What came first, the chicken or the egg?
Answer: It doesn’t really matter. They’re equally crucial to the future of farming.
So says Main Street Project, a Northfield-based organization that trains farmers to raise chickens and grow perennial crops. The organization launched a decade ago to connect with and uplift underserved farming communities, especially Latino ones. Now, the organization teaches young, established, and immigrant farmers—“agripreneurs” of all backgrounds—about farming practices that benefit both people and the planet.
Why chickens? Because farmers of all experience levels can raise them, and the entry point is more affordable than, say, a cow, or just about any other livestock.
“Chickens are sort of a universal animal in many respects,” says Main Street Project’s chief operations officer Julie Ristau. “They’re widely received, accepted, eaten, taken care of, tended to, and husbandried around the world. Chickens are kind of an instant cash flow.”
But it isn’t just poultry, either. The nonprofit practices regenerative farming: a circular, energy-efficient, organic model that maximizes returns on small plots of land by capitalizing on nature’s innate synergistic relationships. Main Street Project does this by raising chickens and growing perennial plants, like hazelnuts.
Hazelnut trees provide shade and shield the chickens from aerial predators while giving farmers another revenue source. The chickens eat non-GMO feed and sprouts, then produce manure that fertilizes the soil, which helps the trees grow. The shade cools the soil, reducing evaporation, and the trees’ deep roots system prevents erosion. It’s a win-win agricultural situation.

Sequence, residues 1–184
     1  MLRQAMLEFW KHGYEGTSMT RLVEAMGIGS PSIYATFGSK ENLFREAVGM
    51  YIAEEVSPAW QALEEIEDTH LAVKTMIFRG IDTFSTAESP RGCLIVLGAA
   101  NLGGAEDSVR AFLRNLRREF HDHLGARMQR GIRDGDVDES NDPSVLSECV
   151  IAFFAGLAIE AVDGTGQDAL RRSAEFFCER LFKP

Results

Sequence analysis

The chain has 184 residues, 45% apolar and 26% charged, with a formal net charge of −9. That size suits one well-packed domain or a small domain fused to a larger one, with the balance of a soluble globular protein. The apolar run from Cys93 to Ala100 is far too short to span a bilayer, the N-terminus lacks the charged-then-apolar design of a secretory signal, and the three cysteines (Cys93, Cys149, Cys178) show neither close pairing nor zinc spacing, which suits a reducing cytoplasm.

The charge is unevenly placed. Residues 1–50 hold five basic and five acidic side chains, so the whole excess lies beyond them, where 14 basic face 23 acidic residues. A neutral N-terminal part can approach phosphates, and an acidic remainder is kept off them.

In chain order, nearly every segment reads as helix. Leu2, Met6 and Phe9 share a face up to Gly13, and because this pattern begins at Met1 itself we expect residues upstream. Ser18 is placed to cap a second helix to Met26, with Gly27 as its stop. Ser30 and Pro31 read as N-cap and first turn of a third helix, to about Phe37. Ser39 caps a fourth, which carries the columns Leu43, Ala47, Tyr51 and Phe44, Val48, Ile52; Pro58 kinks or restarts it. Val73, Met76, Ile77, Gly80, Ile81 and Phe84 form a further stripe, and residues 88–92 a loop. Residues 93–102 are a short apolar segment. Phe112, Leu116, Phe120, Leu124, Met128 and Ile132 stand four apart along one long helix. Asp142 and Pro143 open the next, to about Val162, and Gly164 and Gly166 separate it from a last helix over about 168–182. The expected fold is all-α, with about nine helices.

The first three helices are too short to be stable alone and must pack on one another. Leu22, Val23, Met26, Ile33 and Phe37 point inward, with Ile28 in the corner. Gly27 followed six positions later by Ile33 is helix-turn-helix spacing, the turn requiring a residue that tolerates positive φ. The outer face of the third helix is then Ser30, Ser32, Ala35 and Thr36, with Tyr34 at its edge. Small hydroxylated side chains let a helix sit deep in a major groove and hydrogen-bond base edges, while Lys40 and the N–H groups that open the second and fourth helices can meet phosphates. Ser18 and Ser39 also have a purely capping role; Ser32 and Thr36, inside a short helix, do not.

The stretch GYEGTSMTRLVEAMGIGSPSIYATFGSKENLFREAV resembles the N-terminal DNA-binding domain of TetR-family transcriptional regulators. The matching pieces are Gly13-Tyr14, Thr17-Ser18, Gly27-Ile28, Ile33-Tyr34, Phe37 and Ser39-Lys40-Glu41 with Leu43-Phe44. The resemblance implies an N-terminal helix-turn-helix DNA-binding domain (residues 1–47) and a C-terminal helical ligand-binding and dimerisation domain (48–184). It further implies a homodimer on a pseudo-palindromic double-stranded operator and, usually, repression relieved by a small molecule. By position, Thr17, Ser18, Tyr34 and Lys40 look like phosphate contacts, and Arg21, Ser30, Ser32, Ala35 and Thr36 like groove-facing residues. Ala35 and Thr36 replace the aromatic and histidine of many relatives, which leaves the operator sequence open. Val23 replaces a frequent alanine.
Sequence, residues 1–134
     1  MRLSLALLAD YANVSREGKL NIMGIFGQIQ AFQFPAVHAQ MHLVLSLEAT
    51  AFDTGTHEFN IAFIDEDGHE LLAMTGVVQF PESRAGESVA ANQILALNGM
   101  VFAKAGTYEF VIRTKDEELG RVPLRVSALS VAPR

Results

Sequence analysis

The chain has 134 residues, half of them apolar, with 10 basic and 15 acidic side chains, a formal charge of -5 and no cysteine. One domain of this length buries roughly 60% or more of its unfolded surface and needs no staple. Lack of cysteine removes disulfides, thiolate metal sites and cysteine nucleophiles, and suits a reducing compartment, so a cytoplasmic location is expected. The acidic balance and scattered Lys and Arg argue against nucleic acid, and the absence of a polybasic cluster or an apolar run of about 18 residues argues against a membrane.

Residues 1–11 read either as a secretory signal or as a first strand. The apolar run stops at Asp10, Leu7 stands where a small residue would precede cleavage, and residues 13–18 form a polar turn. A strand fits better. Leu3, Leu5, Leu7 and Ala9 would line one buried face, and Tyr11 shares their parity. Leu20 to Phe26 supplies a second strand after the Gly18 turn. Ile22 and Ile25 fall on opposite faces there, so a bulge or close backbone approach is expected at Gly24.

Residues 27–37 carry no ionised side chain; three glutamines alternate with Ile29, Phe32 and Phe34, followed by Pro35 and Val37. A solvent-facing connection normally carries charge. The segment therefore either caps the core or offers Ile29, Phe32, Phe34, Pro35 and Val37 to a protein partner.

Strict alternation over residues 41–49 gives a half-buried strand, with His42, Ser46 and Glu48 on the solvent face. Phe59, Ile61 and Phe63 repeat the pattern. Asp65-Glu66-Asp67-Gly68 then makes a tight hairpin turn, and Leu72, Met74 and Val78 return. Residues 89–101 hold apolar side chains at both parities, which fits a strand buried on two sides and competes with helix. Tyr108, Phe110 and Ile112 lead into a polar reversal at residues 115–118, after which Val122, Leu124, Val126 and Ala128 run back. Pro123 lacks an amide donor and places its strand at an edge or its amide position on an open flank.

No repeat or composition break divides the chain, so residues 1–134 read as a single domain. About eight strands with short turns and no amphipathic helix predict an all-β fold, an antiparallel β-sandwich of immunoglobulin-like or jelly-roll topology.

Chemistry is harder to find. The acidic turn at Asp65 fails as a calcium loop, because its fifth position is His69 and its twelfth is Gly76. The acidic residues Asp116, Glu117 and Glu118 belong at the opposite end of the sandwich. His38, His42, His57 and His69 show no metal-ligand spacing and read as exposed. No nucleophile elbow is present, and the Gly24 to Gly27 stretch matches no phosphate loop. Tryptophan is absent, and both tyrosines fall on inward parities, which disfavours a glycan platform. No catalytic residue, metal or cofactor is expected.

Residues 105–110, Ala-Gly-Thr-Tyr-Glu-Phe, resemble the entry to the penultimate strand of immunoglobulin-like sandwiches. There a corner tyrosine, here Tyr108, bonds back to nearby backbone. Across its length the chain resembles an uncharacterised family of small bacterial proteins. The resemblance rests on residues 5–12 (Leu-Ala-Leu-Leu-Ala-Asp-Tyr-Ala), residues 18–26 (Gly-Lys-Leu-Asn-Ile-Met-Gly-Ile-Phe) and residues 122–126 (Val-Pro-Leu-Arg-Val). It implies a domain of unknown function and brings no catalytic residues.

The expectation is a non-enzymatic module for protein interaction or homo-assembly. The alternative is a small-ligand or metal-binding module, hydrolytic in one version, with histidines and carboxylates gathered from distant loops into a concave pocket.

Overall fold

“We feel like our chickens are a superior product because they’re not running around terrified on pastures,” Ristau says. “There’s a mythology that chickens like to be outside by themselves under the blue sky, and they really don’t.” Main Street Project’s free-range chickens are nutrient-rich sources of food—be it poultry or eggs—and she says the fact that they can roam their paddocks under tree protection makes their meat taste better.
The organization sells whole chickens at select co-ops, drop sites, and through CSAs. “Consumers love these birds,” Ristau says. “They’re happy and stress-free chickens.” One of its first marketing partners was Bon Appetit, a company that prepares and serves food in places like colleges and corporations around the country, and Ristau anticipates more Main Street Project products coming to market in the future. There are the aforementioned hazelnuts, but also elderberries and even garlic.
And Main Street Project doesn’t measure success by sales alone. Instead, there’s a belief in the “triple bottom line,” which takes into account the ecological, economic, and social impact of its programs. It wants to ensure fair and equitable farming practices that keep wealth in the community rather than siphoning it out.
The Main Street Project farming model is not only scalable, but replicable, and has already spread beyond southeast Minnesota farming communities and implemented in areas as far-flung as Guatemala. In South Dakota, the Thunder Valley Community Development Corporation brought the model to Pine Ridge Reservation, where up to 99 percent of food is shipped in. Now, having established a poultry and perennial farm, locals can enjoy fresh produce and re-establish their relationship with the land.
Main Street Project has undergone growth, too. It started with half-acre production units on a few farms around the Northfield area, but has since shifted many operations to a 100-acre farm in Dakota County. Ideally, their methods will help change the way people farm, support the re-emergence of family farms, and train the next generation of farmers to solve the growing food crisis.
“We want to see more people on the land,” Ristau says. “We want to see people that are connected to the land and their sources of food.”